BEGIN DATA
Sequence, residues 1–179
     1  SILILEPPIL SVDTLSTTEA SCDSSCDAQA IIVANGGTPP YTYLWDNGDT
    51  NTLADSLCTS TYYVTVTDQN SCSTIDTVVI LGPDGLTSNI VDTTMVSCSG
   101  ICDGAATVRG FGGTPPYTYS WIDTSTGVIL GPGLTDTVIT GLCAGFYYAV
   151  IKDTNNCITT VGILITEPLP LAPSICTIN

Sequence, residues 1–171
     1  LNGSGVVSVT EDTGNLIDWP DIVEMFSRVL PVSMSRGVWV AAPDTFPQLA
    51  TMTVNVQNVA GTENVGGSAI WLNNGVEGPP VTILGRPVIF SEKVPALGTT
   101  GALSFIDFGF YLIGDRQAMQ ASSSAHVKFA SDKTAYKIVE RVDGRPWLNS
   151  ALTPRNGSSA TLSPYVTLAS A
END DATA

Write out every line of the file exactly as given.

Sequence, residues 1–179
     1  SILILEPPIL SVDTLSTTEA SCDSSCDAQA IIVANGGTPP YTYLWDNGDT
    51  NTLADSLCTS TYYVTVTDQN SCSTIDTVVI LGPDGLTSNI VDTTMVSCSG
   101  ICDGAATVRG FGGTPPYTYS WIDTSTGVIL GPGLTDTVIT GLCAGFYYAV
   151  IKDTNNCITT VGILITEPLP LAPSICTIN

Sequence, residues 1–171
     1  LNGSGVVSVT EDTGNLIDWP DIVEMFSRVL PVSMSRGVWV AAPDTFPQLA
    51  TMTVNVQNVA GTENVGGSAI WLNNGVEGPP VTILGRPVIF SEKVPALGTT
   101  GALSFIDFGF YLIGDRQAMQ ASSSAHVKFA SDKTAYKIVE RVDGRPWLNS
   151  ALTPRNGSSA TLSPYVTLAS A